Jason Daley writes at Entrepreneur Magazine: Imagine owning a small business for 20 years, pouring all your time, money and sweat into achieving a decent cash flow and a little equity. Then imagine getting a contract in the mail stipulating that if you want to continue doing business, you must replace thousands of dollars of perfectly good equipment, adjust suppliers or prices or make a dozen other changes that could destroy your bottom line. And if you don’t sign, you more or less forfeit your life’s work.

That’s the situation the Coalition of Franchisee Associations (CFA) says veteran franchisees are increasingly facing as their agreements come up for renewal. And that’s the climate new franchisees are entering when they sign into systems where the power and control have shifted dramatically to the corporate side.everyone together to stand up for important considerations is a positive move in unifying franchisees.”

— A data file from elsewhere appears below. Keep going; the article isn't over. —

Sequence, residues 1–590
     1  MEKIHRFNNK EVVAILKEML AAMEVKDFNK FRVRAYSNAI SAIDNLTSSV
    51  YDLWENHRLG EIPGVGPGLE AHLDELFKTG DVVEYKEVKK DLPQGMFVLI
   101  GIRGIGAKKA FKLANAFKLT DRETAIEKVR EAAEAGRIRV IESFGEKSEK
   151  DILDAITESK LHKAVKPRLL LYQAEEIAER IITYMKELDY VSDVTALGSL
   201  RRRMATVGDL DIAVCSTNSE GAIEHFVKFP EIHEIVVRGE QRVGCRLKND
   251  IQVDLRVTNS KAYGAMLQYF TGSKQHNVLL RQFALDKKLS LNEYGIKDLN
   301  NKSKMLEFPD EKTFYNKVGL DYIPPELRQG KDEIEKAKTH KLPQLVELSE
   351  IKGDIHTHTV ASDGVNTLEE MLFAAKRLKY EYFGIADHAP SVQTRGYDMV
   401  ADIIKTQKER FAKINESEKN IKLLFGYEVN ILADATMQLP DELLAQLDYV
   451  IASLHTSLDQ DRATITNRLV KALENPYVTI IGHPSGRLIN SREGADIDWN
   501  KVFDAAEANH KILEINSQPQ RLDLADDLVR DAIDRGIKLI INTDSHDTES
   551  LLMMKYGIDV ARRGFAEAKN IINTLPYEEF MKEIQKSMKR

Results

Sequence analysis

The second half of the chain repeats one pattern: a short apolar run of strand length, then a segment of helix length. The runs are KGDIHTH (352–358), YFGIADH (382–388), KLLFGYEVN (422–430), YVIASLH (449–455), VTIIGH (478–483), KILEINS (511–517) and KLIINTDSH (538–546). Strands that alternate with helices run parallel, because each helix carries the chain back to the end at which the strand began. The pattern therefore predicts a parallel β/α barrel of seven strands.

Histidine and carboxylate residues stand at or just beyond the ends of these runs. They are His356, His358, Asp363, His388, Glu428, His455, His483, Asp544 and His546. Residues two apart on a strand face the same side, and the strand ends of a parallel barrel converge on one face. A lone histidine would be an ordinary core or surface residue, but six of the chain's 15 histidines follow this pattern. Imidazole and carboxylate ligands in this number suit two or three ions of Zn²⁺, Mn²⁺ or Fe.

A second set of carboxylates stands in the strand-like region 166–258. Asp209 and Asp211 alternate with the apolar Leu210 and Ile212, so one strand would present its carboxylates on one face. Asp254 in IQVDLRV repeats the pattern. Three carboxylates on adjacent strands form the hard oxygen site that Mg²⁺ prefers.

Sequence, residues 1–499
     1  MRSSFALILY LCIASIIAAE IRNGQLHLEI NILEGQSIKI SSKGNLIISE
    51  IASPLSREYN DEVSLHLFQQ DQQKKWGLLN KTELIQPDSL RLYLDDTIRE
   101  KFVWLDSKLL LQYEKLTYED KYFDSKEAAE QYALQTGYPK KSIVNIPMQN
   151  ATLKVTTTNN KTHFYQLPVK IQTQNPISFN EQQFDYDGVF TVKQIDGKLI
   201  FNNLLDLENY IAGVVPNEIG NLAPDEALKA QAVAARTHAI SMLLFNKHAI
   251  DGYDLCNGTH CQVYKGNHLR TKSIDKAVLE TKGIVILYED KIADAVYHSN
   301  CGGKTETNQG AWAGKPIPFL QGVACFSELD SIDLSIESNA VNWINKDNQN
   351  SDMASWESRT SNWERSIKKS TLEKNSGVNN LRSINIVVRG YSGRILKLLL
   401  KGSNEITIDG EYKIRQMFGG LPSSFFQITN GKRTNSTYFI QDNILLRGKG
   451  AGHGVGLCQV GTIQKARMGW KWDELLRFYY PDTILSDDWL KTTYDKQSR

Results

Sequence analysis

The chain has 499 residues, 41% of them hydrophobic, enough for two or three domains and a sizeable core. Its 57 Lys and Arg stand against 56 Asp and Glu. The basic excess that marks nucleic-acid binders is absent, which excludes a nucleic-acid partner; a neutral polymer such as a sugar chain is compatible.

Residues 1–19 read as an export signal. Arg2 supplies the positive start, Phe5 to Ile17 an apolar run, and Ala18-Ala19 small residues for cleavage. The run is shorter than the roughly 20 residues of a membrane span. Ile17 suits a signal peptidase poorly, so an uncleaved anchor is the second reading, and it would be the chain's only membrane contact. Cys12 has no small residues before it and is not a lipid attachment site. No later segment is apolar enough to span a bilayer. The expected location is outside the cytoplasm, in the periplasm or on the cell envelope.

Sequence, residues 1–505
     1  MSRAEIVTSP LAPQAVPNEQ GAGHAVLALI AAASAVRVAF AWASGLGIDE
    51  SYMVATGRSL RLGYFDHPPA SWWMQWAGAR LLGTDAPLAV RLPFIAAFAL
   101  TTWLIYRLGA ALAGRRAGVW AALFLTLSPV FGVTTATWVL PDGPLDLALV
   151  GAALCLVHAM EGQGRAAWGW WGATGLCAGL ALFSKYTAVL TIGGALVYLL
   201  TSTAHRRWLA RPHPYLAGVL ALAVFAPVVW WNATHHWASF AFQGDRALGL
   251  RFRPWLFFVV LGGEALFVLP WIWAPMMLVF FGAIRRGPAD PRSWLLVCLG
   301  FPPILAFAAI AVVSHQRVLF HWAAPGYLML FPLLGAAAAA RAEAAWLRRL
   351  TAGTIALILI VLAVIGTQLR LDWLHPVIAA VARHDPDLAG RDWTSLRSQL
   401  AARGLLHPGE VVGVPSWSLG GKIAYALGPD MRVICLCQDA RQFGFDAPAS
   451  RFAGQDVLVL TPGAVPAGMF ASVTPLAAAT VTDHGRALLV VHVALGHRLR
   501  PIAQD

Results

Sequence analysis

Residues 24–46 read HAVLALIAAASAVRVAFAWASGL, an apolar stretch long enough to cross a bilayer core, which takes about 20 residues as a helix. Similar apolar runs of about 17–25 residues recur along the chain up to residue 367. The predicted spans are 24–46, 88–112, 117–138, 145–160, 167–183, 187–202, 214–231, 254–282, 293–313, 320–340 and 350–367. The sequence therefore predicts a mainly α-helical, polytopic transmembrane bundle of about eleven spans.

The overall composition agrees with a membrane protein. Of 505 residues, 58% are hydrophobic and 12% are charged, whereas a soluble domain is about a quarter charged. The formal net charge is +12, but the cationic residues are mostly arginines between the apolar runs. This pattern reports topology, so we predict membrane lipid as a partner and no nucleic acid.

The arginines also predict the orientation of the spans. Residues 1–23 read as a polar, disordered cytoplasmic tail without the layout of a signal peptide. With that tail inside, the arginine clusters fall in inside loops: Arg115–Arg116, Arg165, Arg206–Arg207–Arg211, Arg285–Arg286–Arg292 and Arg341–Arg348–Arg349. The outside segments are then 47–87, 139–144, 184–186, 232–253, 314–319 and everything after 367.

“Over the last 30 years, franchise agreements have become more onerous and one-sided,” says Jim Coen, vice chairman of the CFA and president of Dunkin’ Donuts Independent Franchise Owners. “They say nobody puts a gun to a franchisee’s head to sign these contracts, but that contract is a loaded gun. The flip side is, if you walk away or walk out, the franchise agreement makes it hard to harvest the equity you’ve built up in your business. Some of these agreements are pretty much intolerable.”

Read More at: Entrepreneur Magazine